Senior year can be stressful – GPA, FAFSA, senior dues, scholarships, applications, deadlines, responsibilities – but don’t let it get in your way plan ahead and be organized to be able to accomplish your tasks. Now that I am senior I am doing my best to be involved in what I can. Senior year is going by fast and when I least feel it I will already be crossing the stage. I am super excited for Prom and all of the senior traditions but everything is just happening too soon and too fast. Time needs to slow down because I really want to enjoy every moment that I can at BHS.


Some advice I have for incoming freshmen is to get out of their shells and to build friendships.  Go out there and be part of BHS community; be involved, and enjoy every moment at high school because will fly by fast. Also, don’t save everything for your last year; start during your freshman year, and you will have an amazing experience at high school.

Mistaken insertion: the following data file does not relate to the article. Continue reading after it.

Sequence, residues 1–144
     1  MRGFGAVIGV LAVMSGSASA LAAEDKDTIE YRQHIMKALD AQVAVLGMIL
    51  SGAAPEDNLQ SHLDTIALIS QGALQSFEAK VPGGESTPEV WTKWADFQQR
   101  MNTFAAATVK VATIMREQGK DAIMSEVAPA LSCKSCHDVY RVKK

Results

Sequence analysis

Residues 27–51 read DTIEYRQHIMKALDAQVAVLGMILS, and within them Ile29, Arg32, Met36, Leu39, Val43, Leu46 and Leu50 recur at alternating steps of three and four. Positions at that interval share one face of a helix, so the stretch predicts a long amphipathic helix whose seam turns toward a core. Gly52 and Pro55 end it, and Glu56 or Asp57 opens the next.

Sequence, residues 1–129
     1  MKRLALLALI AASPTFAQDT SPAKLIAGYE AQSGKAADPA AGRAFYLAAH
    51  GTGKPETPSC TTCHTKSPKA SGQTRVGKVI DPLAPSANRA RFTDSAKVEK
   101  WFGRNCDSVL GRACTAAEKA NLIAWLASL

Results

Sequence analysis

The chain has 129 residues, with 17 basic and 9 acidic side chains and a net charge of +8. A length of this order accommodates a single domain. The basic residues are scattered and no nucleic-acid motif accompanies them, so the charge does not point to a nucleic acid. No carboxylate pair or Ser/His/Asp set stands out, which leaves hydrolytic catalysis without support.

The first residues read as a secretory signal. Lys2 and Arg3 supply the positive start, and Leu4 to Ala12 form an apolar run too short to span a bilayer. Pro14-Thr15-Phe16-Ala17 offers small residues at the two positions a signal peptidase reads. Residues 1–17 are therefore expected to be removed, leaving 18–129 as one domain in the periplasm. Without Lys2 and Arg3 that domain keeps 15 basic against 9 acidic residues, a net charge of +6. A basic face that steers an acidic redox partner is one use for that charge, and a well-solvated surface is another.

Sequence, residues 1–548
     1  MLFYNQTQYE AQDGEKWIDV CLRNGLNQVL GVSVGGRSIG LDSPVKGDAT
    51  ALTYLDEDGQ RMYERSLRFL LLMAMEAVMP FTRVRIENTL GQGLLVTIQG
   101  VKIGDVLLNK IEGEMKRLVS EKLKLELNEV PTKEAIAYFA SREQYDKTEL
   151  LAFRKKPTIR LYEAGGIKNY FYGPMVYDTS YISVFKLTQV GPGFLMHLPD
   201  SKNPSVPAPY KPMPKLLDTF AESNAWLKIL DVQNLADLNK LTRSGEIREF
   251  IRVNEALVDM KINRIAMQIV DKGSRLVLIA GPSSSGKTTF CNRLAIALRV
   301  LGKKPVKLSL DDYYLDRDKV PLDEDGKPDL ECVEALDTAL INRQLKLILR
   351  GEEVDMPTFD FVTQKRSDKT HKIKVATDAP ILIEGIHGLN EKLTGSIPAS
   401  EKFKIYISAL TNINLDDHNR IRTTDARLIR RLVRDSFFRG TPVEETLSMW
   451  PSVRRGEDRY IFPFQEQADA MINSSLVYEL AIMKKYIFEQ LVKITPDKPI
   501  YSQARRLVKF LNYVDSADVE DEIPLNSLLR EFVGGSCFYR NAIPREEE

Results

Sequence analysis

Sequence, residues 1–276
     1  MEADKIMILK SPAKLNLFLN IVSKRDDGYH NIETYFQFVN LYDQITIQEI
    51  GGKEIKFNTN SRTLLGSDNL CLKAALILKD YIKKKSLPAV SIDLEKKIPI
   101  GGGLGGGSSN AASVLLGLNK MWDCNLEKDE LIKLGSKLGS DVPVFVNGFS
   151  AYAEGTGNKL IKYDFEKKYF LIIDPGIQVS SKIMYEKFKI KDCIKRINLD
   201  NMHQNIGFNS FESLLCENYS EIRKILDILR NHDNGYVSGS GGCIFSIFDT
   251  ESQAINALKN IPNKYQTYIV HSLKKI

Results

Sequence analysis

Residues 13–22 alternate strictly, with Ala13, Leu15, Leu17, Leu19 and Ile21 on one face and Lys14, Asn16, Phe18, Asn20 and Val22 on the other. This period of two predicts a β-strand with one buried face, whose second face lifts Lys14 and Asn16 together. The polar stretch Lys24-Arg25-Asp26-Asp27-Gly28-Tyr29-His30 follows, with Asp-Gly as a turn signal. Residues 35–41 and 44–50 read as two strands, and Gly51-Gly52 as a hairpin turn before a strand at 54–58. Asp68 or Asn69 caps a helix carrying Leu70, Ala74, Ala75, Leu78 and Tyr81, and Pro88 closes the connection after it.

Mental illness awareness

Via Beaverton Hummer online:


Beaverton Hummer

By Alona Arneson

Mental illness is an aspect of human nature, both ignored and normalized, especially in the entertainment industry. Split is an upcoming thriller that centers around a man with 23 different personalities who takes three young girls hostage. Some may find this plot intriguing, cheesy, or creepy, but the whole concept is encased in a film of ignorance about the real issue here: Why are we entertaining human beings with mental health issues who we don’t give adequate treatment to, outside of our enjoyment?